Teaching Examples


The living Web
March 31, 2006, 2:02 pm
Filed under: Uncategorized

Newsweek made a good effort at capturing the online zeitgeist in this past week’s cover story, but here are some things they didn’t include:

Many people have neither the time nor sufficient interest to use the “cheap geeky software tools known as the Web’s ‘connective tissue.'” The question is, does that make those who do use them the uber-geeks (marginal) … or the new information elite (central)?

If MySpace is in fact a “community” and not an “audience,” what kind of community is it? Not to sound like an old uber-geek, but I think it’s really much different from the text-only WeLL of yore, which I would call a community. I don’t deny that MySpace is a very social space. But so is a crowded bar.

(I really liked the line describing MySpace as “a site that easily allowed users to create their own little online treehouses.” That’s good!)

I’m not at all bashing the phenom — I love my Flickr and my del.icio.us to pieces — but this current boom is not the be-all and end-all of the online universe. It’s just another phase in the evolution of online media, and of course it’s interesting to watch and experience it.

The article mentions but does not dwell on the viral aspects of all this sharing going on. That’s the key. It’s not exactly that you WANT to “share” your stuff; you catch the bug because you are enjoying what others have come in and shared before you got there. You want to join in and quit sitting on the sidelines. The price of admission is sharing your stuff.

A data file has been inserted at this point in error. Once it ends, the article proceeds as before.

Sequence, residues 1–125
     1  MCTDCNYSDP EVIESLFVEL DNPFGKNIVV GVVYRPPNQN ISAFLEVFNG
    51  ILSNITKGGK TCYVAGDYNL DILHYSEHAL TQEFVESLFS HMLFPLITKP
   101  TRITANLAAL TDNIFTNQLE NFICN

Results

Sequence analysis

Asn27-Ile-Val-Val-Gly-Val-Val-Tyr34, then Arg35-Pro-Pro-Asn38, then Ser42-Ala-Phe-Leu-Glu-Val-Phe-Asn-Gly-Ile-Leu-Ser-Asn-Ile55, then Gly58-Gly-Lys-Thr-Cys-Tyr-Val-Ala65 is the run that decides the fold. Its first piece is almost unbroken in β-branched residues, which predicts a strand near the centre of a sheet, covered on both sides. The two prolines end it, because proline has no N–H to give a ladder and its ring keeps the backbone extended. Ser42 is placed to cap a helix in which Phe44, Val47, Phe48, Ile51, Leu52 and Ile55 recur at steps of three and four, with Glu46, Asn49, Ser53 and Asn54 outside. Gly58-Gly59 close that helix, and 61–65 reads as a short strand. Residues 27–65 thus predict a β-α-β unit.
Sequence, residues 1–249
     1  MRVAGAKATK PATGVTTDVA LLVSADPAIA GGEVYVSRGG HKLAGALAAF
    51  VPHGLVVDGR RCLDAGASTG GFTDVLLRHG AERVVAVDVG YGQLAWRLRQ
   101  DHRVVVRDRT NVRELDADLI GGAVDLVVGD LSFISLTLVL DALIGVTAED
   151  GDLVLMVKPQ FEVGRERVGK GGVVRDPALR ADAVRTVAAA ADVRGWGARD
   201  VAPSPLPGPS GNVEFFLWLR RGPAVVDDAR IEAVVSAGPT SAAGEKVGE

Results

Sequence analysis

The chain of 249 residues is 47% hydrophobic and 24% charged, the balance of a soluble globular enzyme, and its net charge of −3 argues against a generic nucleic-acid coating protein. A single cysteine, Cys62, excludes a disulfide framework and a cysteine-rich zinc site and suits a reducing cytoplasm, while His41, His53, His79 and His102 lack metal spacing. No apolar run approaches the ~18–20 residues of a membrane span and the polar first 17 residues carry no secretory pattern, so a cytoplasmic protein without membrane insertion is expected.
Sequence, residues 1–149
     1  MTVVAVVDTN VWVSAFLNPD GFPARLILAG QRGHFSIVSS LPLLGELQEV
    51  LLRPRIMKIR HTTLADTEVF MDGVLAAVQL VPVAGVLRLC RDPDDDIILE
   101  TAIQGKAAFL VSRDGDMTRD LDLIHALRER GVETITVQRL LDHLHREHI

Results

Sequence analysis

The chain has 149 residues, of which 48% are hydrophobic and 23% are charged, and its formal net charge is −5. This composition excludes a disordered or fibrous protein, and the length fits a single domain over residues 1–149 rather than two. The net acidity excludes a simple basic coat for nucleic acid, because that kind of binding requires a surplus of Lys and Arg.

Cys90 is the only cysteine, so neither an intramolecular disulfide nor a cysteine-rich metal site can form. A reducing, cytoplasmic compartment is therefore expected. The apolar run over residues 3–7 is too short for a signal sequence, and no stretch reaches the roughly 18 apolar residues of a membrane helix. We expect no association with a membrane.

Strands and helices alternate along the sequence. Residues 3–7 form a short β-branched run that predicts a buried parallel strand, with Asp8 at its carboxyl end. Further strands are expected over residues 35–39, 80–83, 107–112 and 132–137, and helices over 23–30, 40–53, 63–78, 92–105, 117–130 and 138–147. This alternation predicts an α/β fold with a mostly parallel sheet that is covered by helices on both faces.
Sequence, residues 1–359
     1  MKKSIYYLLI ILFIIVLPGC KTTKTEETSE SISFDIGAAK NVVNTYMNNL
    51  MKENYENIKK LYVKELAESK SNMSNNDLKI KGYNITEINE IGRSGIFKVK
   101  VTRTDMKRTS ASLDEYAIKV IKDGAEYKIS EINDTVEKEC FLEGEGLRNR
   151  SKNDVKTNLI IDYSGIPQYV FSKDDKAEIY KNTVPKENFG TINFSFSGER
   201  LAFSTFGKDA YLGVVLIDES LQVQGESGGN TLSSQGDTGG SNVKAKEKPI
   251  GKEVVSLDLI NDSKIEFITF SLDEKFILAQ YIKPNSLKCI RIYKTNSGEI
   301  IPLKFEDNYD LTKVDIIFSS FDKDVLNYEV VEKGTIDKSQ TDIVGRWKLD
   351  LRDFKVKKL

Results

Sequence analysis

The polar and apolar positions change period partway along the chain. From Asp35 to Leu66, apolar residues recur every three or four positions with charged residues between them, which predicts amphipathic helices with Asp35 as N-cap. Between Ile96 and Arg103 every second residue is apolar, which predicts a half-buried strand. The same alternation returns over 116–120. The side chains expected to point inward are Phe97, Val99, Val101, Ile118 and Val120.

If you don’t share your stuff, then you’re just in the audience — not in the game.

In case you’re wondering about business models, Bradley Horowitz, head of technology development at Yahoo! Search, explained why Yahoo paid an estimated $35 million for Flickr:

“With less than 10 people on the payroll, they had millions of users generating content, millions of users organizing that content for them, tens of thousands of users distributing that across the Internet, and thousands of people not on the payroll actually building the thing.”

It’s similar to the reason why The New York Times bought About.com a year ago — but the difference is crucial. At About.com, unpaid “guides” collect, organize, and even generate content for (yes) an audience. But at Flickr, there are no guides, no gatekeepers — except the moderators (admins) of groups (and you don’t have to participate in those).

Does any of this have anything to do with journalism? Some would say yes, and much has been said and done already about citizen journalism. But journalism (and the practice of journalism) cannot be isolated from the people. If “the Web is where we live” now (as the Newsweek article concludes), then we can’t be having enclaves of journalism that are separate from everything else there.

Viral doesn’t work if you aren’t breathing the same air.

Suffice to say those in the journalism field should not, must not ignore the online zeitgeist. As for answers or solutions, those are still being worked out.

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I deleted a comment here because it had nothing to do with my post. To contact me by e-mail, just look at my home page.

Comment by Mindy McAdams




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